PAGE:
Category Archives: Security

Build 25158 Gains DNS Over TLS Support

Earlier this week, MS released Build 25158 into the Dev Channel. Among the many notes in this build’s announcements, you’ll find an item that starts off “DNS over TLS testing is now available for Windows DNS client query protection.” Thus, when Build 25158 gains DNS over TLS support, that means improved security for DNS traffic on networks everywhere. Given that DNS is a constant focus for direct and indirect attack, this is a good thing. So, how can you try this new feature out?

Putting Build 25158 Gains DNS Over TLS Support to Work

For brevity and convenience, DNS over TLS is usually abbreviated as DoT. Two ingredients are needed to take DoT for a spin:

1. You need to point your IP stack at a DoT DNS server. You’ll find a list of same at the DNS Privacy Project. It provided the lead-in graphic for this story, in fact. For the nonce, I’m using Google’s and addresses (and associated domain names for certificate authentication). There are several other options available.

2. A series of configuration tweaks, including Settings changes, and netsh and ipconfig commands, are required to set this up and make it work. Fortunately, all those details are covered in an MS Networking Blog post entitled “DNS over TLS available to Windows Insiders.” Therein, Tommy Jensen provides nicely illustrated step-by-step instructions to get you through the process.

More to Follow After Additional Try-Outs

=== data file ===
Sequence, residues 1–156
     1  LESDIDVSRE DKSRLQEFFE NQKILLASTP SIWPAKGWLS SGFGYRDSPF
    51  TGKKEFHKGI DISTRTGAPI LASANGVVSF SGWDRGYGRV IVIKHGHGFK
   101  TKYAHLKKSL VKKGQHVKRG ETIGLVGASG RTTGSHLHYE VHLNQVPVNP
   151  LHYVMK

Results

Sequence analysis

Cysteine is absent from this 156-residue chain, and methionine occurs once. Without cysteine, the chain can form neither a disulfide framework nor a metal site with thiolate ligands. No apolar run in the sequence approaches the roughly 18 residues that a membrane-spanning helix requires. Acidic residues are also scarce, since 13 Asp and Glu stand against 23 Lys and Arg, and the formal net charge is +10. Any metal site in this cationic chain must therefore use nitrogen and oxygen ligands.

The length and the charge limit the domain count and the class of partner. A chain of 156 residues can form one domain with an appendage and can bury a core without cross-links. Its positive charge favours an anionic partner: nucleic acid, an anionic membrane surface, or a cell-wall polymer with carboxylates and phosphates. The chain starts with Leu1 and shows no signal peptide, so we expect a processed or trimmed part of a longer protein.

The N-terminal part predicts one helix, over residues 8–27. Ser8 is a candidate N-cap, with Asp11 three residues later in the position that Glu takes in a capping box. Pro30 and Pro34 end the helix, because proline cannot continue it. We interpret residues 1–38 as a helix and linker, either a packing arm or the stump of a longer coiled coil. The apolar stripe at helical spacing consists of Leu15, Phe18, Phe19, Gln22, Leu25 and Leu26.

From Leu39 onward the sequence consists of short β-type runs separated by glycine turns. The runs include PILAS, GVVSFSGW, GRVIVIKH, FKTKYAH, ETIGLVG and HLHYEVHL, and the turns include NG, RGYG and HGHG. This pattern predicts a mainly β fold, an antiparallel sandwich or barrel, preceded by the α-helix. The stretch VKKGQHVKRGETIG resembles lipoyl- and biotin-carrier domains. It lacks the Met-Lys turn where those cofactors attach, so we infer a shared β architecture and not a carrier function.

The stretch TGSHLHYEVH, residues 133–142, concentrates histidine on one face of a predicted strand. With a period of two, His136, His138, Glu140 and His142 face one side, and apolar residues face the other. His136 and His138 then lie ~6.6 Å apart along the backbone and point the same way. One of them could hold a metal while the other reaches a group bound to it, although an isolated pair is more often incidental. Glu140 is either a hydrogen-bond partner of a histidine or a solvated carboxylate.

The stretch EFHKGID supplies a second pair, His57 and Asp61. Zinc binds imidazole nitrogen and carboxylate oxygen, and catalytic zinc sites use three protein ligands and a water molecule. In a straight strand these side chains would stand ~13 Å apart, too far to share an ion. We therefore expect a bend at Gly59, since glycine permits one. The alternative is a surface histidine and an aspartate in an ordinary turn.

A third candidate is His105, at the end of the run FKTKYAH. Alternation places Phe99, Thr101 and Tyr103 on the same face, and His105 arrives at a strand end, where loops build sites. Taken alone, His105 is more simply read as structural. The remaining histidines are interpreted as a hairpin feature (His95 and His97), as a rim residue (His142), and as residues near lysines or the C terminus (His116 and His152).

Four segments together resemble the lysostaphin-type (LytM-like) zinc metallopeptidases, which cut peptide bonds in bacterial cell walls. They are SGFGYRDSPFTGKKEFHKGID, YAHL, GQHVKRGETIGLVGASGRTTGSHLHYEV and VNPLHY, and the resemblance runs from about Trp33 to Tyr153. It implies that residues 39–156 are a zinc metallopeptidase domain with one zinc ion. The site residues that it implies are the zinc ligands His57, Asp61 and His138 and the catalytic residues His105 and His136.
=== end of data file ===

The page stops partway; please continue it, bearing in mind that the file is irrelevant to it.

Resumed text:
I have two (2) test machines running Build 25158. I’ll try DoT on both of them, and let you know what happens. Mr. Jensen’s post on setting things up includes a potentially scary phrase. That is “This may result in a small performance improvement depending on the network environment at the cost of the flexibility HTTPS-based protocols can provide” (italic emphasis mine).

I’m afraid I know what this means. Indeed, I’ll be curious to see what’s still working — and what’s not — after experimenting with these changes. Given an upcoming out of office adventure, I might wait until week after next to put this to a real test. Stay tuned! In the meantime, you might find this Wikipedia article about DoT worth a quick read-through (good discussion and lots of good additional references there).


MS 365 Brings New Defender Aboard

OK, then. Now I finally understand what’s up with the Store-based version of Windows Defender. It’s been “out there” for while now for Insiders. Called “Microsoft Defender for individuals,” it’s available to anyone with an active Microsoft 365 subscription. (Either Personal or Family subscriptions qualify.) That’s why I say “MS 365 brings new Defender aboard” in today’s title. The lead-in graphic shows the dashboard (in part) from my production Windows 10 desktop. Both “other devices” run Windows 11.

When MS 365 Brings New Defender Aboard, Then What?

According to the tool is built on Microsoft Defender Endpoint technology. Thus, it brings the same cloud-based security to end users already available to Enterprise customers. A June 16 Microsoft Security blog post confirms this assertion. It describes this new Defender version as “an exciting step in our journey to bring security to all.” The tool works on Windows, iOS, Android, and macOS devices to provide family-wide protection across whole households.

MS explains Microsoft Defender for individuals as enabling the following capabilities (also including “continuous antivirus and anti-phishing protection for your data and devices”):